Subsection F provides that owners of dogs identified under this section will be subject to various licensing, containment, and insurance restrictions.

Section 13-20-31.1 provides an administrative remedy allowing any person who is, or may be, subject to the ordinance to "make a written request to the city manager to determine whether and how the provisions of this ordinance apply to him or her and to the animals subject to the provisions of this ordinance." No criminal action may be taken while the written request is being considered by the city manager. If the city manager determines that the ordinance is applicable, the individual will be informed of the amount of time he or she has to comply with the ordinance.


Plaintiffs contend that the trial court erred in finding that predominant physical characteristics are determinative of breed differentiation. To prevail on this contention, plaintiffs must show that the trial court's finding is clearly erroneous as required by Utah Rule of Civil Procedure *819 52(a). Rather than marshalling the evidence before the trial court to demonstrate that the court's finding was clearly erroneous, plaintiffs have simply reargued their view of how they "believe[] the facts should have been found." Ashton v. Ashton, 733 P.2d 147, 150 (Utah 1987); see also Doelle v. Bradley, 784 P.2d 1176, 1178 (Utah 1989).

The only evidence relied on by plaintiffs is testimony to the effect that it would be difficult to "guarantee" that a dog is a purebred or to be "absolutely" sure about a dog's breed solely on the basis of its physical characteristics. However, plaintiffs also agree with the trial court's finding that "[t]here is no scientific method for determining a dog's breed such as blood test, x-rays or scientific tests." According to plaintiffs, the only way to determine breed is through registration papers or pedigree charts. Yet plaintiffs do not challenge the trial court's finding that "[t]o be registered, a dog must possess the predominant physical characteristics of the particular breed as set by the registering association." Thus, plaintiffs cannot consistently argue that registration, and not physical characteristics, determines breed, when registration itself is based upon physical characteristics. On the other hand, defendant points to substantial evidence before the trial court in support of that court's finding. Plaintiffs have failed to show that the trial court's finding was clearly erroneous, and that finding will not, therefore, be disturbed.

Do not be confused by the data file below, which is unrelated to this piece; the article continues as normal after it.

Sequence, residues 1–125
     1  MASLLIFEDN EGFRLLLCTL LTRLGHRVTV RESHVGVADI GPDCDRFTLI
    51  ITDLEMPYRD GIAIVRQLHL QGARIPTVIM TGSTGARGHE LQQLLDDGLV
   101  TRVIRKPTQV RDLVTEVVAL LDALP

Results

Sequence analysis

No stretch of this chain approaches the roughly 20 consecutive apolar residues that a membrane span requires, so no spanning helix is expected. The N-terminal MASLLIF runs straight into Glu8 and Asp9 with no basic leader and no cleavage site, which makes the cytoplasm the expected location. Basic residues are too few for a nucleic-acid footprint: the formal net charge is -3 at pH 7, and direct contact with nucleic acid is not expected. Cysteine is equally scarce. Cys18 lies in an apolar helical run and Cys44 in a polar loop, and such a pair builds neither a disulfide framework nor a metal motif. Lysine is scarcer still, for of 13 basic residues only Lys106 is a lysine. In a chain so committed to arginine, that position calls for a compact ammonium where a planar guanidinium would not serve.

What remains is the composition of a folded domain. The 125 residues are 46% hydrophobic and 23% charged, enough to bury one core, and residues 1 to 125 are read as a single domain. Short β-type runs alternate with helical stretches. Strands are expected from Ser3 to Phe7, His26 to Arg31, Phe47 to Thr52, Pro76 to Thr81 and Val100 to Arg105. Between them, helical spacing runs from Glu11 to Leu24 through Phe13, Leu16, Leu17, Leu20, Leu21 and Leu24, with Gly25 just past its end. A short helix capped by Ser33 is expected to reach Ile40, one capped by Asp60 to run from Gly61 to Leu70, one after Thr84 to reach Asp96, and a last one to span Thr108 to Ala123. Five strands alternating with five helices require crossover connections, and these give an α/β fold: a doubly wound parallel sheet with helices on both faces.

Plaintiffs contend that § 13-20-16 is vague and therefore violates due process of law. They contend that the ordinance is vague because it provides inadequate notice to dog owners, fails to establish clear guidelines for application of the ordinance, and uses arbitrary wording. Because legislative enactments are presumed to be constitutional, those who challenge a statute or ordinance as unconstitutional bear the burden of demonstrating its unconstitutionality. Utah Associated Mun. Power Sys. v. Public Serv. Comm'n, 789 P.2d 298, 301 (Utah 1990); State v. Rio Vista Oil, Ltd., 786 P.2d 1343, 1347 (Utah 1990).

The void-for-vagueness doctrine requires that a statute or ordinance define an "offense with sufficient definiteness that ordinary people can understand what conduct is prohibited and in a manner that does not encourage arbitrary and discriminatory enforcement." Kolender v. Lawson, 461 U.S. 352, 357, 103 S. Ct. 1855, 1858, 75 L. Ed. 2d 903 (1983). More important than actual notice is "`the requirement that a legislature establish minimal guidelines to govern law enforcement.'" 461 U.S. at 358, 103 S. Ct. at 1858 (quoting Smith v. Goguen, 415 U.S. 566, 574, 94 S. Ct. 1242, 1248, 39 L. Ed. 2d 605 (1974)). "It is a basic principle of due process that an enactment is void for vagueness if its prohibitions are not clearly defined." Grayned v. City of Rockford, 408 U.S. 104, 108, 92 S. Ct. 2294, 2299, 33 L. Ed. 2d 222 (1972).

Plaintiffs argue that the ordinance provides inadequate notice because owners of unregistered dogs or mixed breed dogs have no way of knowing whether their dog is one of the breeds listed and whether they should comply with licensing requirements. They also argue that the ordinance does not establish reasonably clear guidelines by which enforcement officers can objectively determine the extent and applications of the ordinance.